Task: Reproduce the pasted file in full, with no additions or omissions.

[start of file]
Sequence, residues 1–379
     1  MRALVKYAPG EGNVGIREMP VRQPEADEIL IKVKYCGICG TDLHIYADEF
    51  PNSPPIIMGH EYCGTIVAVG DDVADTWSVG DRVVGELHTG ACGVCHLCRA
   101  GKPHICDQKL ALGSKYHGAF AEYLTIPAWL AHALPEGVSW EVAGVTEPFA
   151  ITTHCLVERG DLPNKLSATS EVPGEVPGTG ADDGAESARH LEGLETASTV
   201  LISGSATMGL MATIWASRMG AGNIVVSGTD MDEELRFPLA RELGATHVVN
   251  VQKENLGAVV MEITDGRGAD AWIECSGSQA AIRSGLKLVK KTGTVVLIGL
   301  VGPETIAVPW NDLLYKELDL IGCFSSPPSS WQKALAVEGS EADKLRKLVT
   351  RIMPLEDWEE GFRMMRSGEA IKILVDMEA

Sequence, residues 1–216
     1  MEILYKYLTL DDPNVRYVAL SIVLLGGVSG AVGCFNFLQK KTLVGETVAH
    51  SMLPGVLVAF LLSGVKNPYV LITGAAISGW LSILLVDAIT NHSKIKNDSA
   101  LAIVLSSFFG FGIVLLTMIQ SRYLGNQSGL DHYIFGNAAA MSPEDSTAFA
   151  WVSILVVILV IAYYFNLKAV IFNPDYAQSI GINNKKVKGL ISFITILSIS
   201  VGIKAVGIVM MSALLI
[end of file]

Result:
Sequence, residues 1–379
     1  MRALVKYAPG EGNVGIREMP VRQPEADEIL IKVKYCGICG TDLHIYADEF
    51  PNSPPIIMGH EYCGTIVAVG DDVADTWSVG DRVVGELHTG ACGVCHLCRA
   101  GKPHICDQKL ALGSKYHGAF AEYLTIPAWL AHALPEGVSW EVAGVTEPFA
   151  ITTHCLVERG DLPNKLSATS EVPGEVPGTG ADDGAESARH LEGLETASTV
   201  LISGSATMGL MATIWASRMG AGNIVVSGTD MDEELRFPLA RELGATHVVN
   251  VQKENLGAVV MEITDGRGAD AWIECSGSQA AIRSGLKLVK KTGTVVLIGL
   301  VGPETIAVPW NDLLYKELDL IGCFSSPPSS WQKALAVEGS EADKLRKLVT
   351  RIMPLEDWEE GFRMMRSGEA IKILVDMEA

Sequence, residues 1–216
     1  MEILYKYLTL DDPNVRYVAL SIVLLGGVSG AVGCFNFLQK KTLVGETVAH
    51  SMLPGVLVAF LLSGVKNPYV LITGAAISGW LSILLVDAIT NHSKIKNDSA
   101  LAIVLSSFFG FGIVLLTMIQ SRYLGNQSGL DHYIFGNAAA MSPEDSTAFA
   151  WVSILVVILV IAYYFNLKAV IFNPDYAQSI GINNKKVKGL ISFITILSIS
   201  VGIKAVGIVM MSALLI